Stretched as tightly as is possible.
Mount Kenneth and contemporary art seems like an odd combination. The Shannon can be seen and the self destructing flags devour themselves in the estuary gales. Down the side of Jury's Inn a piece of text that reads "Stretched as tightly as is possible" is embedded in the concrete. It doesn't look like art, it doesn't read well (a bit like this blog post) yet it's curiously delightful. No doubt this artwork has confused many a back alley rambler and long may it continue to do so. The artwork was created by Lawrence Weiner, as part of the Twentieth Annual Exhibition of Visual + Art, Limerick, Ireland, 1996.
Heartbeat of the city
Shannon Bridge, home to Limerick vagabonds, seagulls and the Polish lad fishing for ells. This is the only sound based piece of art to feature on this list, the format in keeping with the character of the locals. Directly under the bridge, in sync with the passing traffic above, a loud beat can be heard. The passing traffic plays the role of metronome determining the tempo based on the time of day. The resulting beat is that of a heartbeat. The ticker of the city being fed by the urban aorta above. A stunning image of an otter by Mary Conroy keeps you company while you both enjoy the beat of the city. Hit this spot around rush hour to hear the rhythmic thump in all its delights.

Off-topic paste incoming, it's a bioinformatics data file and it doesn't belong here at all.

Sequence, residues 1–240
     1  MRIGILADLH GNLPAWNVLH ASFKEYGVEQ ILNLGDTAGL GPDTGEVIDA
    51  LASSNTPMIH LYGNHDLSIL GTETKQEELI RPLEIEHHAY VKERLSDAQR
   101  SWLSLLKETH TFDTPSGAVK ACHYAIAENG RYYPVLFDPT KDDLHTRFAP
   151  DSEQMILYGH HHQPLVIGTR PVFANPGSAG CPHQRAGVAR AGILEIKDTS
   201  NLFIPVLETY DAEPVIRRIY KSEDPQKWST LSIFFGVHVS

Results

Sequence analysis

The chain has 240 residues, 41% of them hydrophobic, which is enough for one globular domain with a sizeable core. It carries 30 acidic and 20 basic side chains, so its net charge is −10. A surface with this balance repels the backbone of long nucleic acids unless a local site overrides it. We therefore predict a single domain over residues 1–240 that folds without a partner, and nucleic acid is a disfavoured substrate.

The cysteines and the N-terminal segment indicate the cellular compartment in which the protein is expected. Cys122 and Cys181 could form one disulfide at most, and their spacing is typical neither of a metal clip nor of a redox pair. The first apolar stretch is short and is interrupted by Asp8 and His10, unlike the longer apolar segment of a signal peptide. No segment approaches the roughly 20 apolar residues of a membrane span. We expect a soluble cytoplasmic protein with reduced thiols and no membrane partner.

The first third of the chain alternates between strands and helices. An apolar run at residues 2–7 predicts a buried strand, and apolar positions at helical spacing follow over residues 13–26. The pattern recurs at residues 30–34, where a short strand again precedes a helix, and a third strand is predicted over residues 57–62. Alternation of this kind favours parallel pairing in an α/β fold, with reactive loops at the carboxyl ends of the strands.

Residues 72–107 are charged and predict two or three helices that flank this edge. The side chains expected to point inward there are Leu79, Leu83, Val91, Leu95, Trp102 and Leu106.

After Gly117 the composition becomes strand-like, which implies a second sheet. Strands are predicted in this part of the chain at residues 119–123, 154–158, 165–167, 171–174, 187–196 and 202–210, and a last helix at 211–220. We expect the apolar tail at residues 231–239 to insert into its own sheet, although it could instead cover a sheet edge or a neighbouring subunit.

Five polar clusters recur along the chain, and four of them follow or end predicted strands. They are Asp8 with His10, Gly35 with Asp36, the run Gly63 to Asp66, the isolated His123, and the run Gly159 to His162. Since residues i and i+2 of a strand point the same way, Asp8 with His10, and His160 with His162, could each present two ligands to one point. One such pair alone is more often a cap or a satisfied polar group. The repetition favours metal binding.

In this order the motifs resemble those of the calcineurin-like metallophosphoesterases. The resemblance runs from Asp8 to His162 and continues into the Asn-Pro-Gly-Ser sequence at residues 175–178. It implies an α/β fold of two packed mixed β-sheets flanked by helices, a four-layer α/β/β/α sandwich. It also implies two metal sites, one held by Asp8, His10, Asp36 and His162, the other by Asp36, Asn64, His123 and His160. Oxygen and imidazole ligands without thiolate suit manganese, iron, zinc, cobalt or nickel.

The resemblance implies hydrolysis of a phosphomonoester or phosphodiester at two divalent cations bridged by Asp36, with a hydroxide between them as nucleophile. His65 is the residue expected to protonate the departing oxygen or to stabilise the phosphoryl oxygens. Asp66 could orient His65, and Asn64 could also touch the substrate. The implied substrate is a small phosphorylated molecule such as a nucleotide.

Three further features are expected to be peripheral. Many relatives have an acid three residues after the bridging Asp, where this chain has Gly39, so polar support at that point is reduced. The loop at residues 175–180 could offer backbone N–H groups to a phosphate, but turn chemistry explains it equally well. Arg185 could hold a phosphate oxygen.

Heart of stone
Local legend has it that the stone mason who built the wall placed a stone shaped heart in among the mortar to declare his love to his cousin. Other equally believable urban legends tell of a stone mason who had recently lost his wife, his poor heart couldn't take it and slowly turned to stone. In proper Limerick fashion he ripped it out of his chest and placed his heart in the wall. Classic Limerick. Whichever take is true it's good to know that this city will always have a good heart.
Rocky bal 061
If there was ever an award for contemporary land art, we might just have a contender. It's not often you meet a rock with this much protection. A collaboration between over zealous city council workers and Limerick of old. The past elaborately protected by the present. A high visibility enclosure ensures this rock will never come to any harm. In the past this rock used to hold onto boats. A fine, sturdy rock. Not just any rock, it's Limericks rock.
Do you know of any other secret Limerick artwork? Leave a comment below.